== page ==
Blog post: Mepolizumab approved for adults with severe asthma in England

01 December 2016

By Joseph Clift, Senior Policy Officer at Asthma UK

For the first time, people in England with one type of severe asthma will have a new treatment targeted at reducing their risk of a potentially life-threatening attack.

Mepolizumab, also known as Nucala, has today been recommended by the National Institute for Health and Care Excellence (NICE) as an add-on therapy for adults with severe eosinophilic asthma.

Highlighting the unmet need

It’s certainly not been a simple process. Just over a year ago, Asthma UK submitted written evidence to NICE making the case that people with severe asthma were in urgent need of new, targeted therapies. In March one of our volunteers, Lehanne, spoke at the first appraisal committee meeting, highlighting the stark challenges of living with severe asthma.

While NICE accepted early on that there was a need for new treatments, it would not accept the cost of making this available – based on the price agreed with the company, and how the overall cost was modelled for the target population. Two further rounds of consultation and committee hearings were needed before NICE and the company reached agreement.

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What this means for people with severe asthma

Of the 5.4 million people with asthma in UK, an estimated 3.6% to 5.0% - roughly 250,000 adults and children - have severe asthma. Until now, omalizumab (Xolair) has been the only specialist treatment available across the UK to people with severe asthma, but this isn’t effective for all types of the condition.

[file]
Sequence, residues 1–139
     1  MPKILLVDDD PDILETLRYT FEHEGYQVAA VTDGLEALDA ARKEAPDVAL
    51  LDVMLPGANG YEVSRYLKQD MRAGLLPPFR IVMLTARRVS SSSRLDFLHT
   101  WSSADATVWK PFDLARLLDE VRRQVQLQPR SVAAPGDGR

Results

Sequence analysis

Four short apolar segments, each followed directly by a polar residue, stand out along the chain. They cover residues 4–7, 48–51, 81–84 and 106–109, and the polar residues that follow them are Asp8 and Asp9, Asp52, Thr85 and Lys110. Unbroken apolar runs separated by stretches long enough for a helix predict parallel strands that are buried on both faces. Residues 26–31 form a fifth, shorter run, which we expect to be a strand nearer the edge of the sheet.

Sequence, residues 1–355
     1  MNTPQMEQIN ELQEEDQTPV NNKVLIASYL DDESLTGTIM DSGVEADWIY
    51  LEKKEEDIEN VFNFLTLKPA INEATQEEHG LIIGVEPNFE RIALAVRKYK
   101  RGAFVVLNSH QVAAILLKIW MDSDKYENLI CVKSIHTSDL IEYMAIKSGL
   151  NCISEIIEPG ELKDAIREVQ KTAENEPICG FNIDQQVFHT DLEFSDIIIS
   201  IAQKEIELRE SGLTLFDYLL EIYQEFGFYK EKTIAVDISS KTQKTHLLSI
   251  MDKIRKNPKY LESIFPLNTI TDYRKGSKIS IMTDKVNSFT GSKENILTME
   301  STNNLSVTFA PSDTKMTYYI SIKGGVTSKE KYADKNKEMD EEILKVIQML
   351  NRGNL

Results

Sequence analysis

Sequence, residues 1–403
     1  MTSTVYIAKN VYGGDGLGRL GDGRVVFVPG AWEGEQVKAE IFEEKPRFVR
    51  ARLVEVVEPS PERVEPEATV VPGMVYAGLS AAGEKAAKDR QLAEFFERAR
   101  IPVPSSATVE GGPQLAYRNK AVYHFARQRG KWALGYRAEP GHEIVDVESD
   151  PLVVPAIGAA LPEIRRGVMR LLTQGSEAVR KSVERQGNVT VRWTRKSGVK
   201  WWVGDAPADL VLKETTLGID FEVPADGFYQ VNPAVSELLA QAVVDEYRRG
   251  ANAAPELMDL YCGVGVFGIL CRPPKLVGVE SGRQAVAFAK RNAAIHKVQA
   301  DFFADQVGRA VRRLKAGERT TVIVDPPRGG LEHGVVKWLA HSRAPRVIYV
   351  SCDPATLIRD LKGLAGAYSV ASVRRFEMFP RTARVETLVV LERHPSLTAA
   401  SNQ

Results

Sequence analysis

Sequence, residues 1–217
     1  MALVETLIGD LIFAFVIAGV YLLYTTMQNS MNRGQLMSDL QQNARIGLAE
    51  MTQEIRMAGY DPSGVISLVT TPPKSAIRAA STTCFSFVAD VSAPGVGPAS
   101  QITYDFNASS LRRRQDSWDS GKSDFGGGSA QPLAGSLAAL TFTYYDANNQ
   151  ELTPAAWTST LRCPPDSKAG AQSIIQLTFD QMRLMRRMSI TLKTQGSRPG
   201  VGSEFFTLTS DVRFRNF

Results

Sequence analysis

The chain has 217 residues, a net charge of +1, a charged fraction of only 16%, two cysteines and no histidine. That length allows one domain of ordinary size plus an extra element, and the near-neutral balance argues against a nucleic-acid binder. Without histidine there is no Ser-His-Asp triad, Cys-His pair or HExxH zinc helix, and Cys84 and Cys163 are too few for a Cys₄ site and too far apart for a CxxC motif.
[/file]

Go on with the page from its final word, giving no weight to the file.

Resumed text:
Mepolizumab will target severe eosinophilic asthma - where the inflammation of the airways is linked to a particular type of white blood cell (eosinophils). We believe that around 40% of people with severe asthma will have an eosinophilic phenotype – meaning that they may be able to benefit from the new treatment.

As the results of our new pilot survey from earlier this week highlighted, severe asthma can have a devastating effect. The addition of mepolizumab means that some will now have access to a treatment that could lower their risk of having an asthma attack, and reduce the need to be treated with oral corticosteroids.

Why has it taken so long?

We know that mepolizumab is a treatment many of our supporters have been waiting patiently throughout the year to see approved. Many have already been told by their clinicians that they could be eligible to receive it, and for those people today’s news will no doubt come as a huge relief.

Mepolizumab is one of a number of new therapies that have been developed targeted at severe eosinophilic asthma, and a number of issues have delayed its path. NICE has a clear set of criteria against which they assess cost-effectiveness for a new treatment, and whether the NHS can afford to fund it. These are expensive therapies, and if a person responds well to the treatment they could be on it for a long period of time. This has been back and forth as those involved have debated how to best identify the people that would receive the treatment, how long they might be on it, what price the company is charging, and what measures would be in place to withdraw it if it’s not proving to be effective for an individual.